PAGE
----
Substitutes for banana shallot

Written by scott damon
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Substitutes for banana shallot
Banana shallots can sometimes be tricky to find. (Chris Leachman/iStock/Getty Images)

The banana shallot derives its name from the shape of the bulb itself. Elongated, the banana shallot grows in clusters of two to three bulbs that are usually larger than other varieties of shallots, but smaller than onions. Though related to the onion, the taste is milder and sweeter. With a lower water content than an onion, the banana shallot must also be cooked more gently than onions so they don't burn. Find a substitute that emulates the flavour of the banana shallot if you don't have any on hand.

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Similar shallots

In place of a banana shallot, use another variety of shallot. The Golden Gourmet shallot has a mild flavour profile and mixes well when used in casseroles and salads. The Golden Gourmet also stores well in your pantry or fridge. The Hative de Niort shallot also has an elongated shape the mimics the banana shallot. Pear shaped in nature, it has a brown skin like the banana shallot as well. Finally, the Topper shallot also has a mild flavour profile that is similar to the banana shallot. It also stores well in the fridge or pantry.

Onion and garlic

The flavour profile of a banana shallot is a mix between onion and garlic. Recreate that same profile by chopping 2 parts white onion and 1 part garlic for your recipe. For example, if the recipe calls for 1 cup diced banana shallots, dice 2/3 cup of white onion and 1/3 cup banana shallot. Mix them together well and then add to your recipe as directed.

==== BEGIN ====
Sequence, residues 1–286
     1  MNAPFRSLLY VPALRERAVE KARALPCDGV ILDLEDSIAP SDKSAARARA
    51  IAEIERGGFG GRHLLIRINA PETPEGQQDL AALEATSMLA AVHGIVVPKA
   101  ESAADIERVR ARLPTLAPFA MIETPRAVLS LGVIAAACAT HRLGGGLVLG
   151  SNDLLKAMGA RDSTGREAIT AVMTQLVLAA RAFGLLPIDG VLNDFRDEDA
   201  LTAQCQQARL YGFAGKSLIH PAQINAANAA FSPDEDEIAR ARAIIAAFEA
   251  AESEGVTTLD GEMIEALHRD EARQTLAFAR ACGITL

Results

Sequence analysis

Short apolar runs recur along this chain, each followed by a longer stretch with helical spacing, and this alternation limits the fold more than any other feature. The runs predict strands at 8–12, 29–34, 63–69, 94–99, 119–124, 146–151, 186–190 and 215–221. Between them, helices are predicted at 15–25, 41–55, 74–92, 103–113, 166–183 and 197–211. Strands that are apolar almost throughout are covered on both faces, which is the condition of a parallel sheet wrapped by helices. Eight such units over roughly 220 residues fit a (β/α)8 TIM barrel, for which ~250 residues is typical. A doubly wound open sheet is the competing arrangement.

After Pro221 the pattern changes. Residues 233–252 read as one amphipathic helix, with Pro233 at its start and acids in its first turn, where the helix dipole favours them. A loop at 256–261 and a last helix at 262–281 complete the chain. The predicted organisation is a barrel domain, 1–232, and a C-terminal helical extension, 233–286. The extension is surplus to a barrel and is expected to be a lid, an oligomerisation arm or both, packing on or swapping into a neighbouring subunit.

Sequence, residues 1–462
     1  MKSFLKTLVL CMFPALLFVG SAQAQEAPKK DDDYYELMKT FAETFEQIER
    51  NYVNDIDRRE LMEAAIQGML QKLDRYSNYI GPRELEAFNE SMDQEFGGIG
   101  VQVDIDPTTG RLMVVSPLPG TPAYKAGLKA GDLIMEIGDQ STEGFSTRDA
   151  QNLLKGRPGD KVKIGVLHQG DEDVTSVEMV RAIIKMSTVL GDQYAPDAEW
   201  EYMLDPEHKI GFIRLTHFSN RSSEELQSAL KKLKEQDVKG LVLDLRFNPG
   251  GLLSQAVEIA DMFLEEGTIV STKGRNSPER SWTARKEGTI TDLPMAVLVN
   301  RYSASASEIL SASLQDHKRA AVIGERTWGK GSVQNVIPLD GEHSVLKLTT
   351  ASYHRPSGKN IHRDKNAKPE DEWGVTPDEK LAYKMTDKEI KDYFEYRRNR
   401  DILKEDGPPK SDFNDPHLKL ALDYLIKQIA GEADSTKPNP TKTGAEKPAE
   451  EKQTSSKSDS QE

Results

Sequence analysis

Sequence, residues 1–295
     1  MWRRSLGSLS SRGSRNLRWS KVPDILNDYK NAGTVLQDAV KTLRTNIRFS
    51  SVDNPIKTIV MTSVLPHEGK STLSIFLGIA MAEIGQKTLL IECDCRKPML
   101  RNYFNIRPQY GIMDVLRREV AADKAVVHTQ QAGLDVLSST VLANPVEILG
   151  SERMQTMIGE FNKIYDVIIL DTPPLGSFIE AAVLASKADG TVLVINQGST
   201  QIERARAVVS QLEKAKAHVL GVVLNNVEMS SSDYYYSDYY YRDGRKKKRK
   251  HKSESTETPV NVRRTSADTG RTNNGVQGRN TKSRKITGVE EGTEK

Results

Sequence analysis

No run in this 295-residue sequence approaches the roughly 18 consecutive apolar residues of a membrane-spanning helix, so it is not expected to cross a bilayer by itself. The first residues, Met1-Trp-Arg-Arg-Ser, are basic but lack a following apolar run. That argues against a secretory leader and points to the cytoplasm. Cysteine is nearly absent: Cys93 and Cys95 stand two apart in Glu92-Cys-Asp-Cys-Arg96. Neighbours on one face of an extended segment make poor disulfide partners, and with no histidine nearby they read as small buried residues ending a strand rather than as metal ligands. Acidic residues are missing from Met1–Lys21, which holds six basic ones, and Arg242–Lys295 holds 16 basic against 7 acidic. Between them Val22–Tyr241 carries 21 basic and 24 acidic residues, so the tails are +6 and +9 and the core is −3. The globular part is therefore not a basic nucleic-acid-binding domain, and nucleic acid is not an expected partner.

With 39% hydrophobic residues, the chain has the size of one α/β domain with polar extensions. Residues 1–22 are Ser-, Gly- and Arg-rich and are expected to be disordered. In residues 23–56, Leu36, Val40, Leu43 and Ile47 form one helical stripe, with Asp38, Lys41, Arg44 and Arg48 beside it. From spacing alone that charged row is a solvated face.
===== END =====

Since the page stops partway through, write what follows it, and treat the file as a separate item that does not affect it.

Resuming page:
Spring onions

Another vegetable that has a similar flavour to the banana shallot is the spring onion. Remove the root system attached to the base of the white bulb from the spring onion with a cooking knife. Remove the green stalk of the spring onion and set aside to use in another dish. Finally, chop or slice the white portion of the spring onion and add to your recipe.


Daikon is a root radish that is popular in Japanese cuisine. Daikon roots are usually about 5 to 10 cm / 2 to 4 inches in diameter and 15 to 50 cm / 6 to 20 inches long. The taste of the radish is mildly spicy, like a shallot or mild onion. After removing the green leafy top of the radish with a kitchen knife, determine if you want to peel the skin of the radish. Like a carrot, the skin is edible but may be tough because it has been in soil and then exposed to air. Remove it with a vegetable peeler. Next, chop or dice the daikon as your recipe directs and add it to your dish.

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